In an earlier study, deployment-related stressors and postdeployment mental health were assessed in a national sample of female and male OEF/OIF Veterans (N=1,046; 54% female Veterans; 46% male Veterans). This project involved recontacting this sample approximately 3.5 years later (T2; N = 524) to assess occupational and family functioning, mental health symptomatology, and VA service use. An additional follow-up (T3; N=455) occurred approximately 1.5 years after the first, yielding 3 total assessment points that allowed for an examination of change over time. Proposed relationships were tested using structural equation modeling (SEM), and supplemented by chi square tests and regression analyses as appropriate. Gender comparisons were also conducted.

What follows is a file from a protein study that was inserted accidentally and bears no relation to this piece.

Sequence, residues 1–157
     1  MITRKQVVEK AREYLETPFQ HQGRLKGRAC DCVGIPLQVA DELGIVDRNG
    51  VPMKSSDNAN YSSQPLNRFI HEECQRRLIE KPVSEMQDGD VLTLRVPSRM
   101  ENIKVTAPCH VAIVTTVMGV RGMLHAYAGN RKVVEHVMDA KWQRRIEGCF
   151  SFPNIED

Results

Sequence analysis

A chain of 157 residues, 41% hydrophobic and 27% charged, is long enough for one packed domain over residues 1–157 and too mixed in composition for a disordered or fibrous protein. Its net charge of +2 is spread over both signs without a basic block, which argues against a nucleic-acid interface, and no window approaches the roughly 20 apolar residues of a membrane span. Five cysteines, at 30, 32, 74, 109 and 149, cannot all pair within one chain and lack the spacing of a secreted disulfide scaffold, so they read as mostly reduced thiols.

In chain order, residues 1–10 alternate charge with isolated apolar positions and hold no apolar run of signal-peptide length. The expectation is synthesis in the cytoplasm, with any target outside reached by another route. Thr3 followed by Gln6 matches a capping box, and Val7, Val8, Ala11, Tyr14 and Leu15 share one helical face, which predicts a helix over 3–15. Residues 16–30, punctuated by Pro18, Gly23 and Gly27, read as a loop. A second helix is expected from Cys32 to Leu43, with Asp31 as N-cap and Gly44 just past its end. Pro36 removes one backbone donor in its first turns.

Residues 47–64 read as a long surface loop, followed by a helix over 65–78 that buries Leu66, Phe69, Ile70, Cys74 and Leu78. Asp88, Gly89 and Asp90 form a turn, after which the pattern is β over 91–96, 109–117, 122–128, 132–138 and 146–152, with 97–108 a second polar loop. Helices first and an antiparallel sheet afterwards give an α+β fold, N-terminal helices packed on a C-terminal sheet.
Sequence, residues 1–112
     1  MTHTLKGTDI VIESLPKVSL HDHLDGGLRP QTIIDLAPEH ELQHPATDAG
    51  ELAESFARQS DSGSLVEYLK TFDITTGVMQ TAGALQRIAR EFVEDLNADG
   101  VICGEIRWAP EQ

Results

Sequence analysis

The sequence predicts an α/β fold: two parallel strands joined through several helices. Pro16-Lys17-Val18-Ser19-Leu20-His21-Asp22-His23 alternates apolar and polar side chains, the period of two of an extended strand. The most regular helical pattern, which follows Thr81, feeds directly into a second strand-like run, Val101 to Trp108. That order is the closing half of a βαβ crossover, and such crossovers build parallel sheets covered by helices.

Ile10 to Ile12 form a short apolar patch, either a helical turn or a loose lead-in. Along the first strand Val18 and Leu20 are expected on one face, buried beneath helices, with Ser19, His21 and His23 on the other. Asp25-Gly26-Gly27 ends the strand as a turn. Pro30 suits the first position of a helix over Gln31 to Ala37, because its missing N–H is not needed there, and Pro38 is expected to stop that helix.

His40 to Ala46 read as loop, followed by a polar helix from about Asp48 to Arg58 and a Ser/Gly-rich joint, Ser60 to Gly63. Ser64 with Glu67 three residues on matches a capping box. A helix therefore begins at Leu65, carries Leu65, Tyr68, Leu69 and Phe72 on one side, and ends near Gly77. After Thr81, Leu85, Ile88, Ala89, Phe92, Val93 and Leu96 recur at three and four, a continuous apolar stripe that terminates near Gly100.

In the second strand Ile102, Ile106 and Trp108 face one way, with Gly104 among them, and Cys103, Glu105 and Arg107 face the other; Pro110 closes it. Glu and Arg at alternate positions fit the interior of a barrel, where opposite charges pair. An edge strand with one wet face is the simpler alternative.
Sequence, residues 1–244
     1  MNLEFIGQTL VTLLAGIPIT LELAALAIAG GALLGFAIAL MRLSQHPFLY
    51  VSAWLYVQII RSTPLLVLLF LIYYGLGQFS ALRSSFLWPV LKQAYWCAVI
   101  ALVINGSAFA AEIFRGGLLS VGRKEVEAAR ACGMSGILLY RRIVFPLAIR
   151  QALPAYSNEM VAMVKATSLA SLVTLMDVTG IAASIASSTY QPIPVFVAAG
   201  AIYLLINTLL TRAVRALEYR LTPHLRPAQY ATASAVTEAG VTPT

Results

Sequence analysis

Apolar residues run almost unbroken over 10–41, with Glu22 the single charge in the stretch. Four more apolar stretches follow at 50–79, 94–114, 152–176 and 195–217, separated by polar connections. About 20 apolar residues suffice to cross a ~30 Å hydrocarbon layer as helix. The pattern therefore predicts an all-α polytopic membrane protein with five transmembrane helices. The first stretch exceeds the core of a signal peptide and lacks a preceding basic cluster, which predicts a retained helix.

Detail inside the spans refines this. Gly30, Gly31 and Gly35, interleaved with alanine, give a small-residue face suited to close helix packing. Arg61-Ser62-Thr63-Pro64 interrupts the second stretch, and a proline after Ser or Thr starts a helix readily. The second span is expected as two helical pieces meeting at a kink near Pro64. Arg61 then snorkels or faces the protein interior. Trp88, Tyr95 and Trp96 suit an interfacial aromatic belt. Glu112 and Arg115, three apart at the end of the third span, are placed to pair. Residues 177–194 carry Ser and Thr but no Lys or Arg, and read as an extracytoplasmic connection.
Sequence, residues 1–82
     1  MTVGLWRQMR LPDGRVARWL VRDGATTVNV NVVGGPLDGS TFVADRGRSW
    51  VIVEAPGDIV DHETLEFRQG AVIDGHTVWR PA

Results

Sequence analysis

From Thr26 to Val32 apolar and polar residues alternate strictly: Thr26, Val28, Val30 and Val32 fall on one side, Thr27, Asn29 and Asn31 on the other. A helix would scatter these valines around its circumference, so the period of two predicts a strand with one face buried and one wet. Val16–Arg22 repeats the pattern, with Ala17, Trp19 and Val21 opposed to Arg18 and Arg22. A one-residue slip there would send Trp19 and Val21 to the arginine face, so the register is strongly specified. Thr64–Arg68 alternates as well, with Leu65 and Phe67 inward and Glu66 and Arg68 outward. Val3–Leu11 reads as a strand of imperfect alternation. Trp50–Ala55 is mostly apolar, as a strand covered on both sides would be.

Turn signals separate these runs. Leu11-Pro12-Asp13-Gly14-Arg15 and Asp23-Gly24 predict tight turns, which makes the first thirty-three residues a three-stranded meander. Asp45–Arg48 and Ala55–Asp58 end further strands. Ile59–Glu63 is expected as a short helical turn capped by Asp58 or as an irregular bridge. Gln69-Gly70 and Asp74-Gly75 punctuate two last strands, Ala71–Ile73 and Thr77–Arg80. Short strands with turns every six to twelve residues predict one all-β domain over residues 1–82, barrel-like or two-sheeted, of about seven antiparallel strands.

Overall, both female and male OEF/OIF Veterans reported high work-and family-related quality of life, although women were more likely to report being unemployed than men. PTSD was an important predictor of poorer functioning and satisfaction in work and especially family domains. Several gender differences were found. PTSD was associated with decreased work functioning for men (but not women), and decreased job satisfaction for women (but not men). Further, findings revealed several pathways linking deployment stressors to work and family outcomes for both men and women, with PTSD playing an important role in these associations. Depression also played a significant role, linking the relationship between deployment stressors and work functioning for women, while PTSD linked the relationship for men. PTSD linked deployment exposures and quality of life in romantic relationships for men, while both PTSD and depression played significant roles for women. In the context of parenting, PTSD linked deployment exposures with reduced functioning for both male and female veterans, and depression was the most important mediator in predicting lower satisfaction.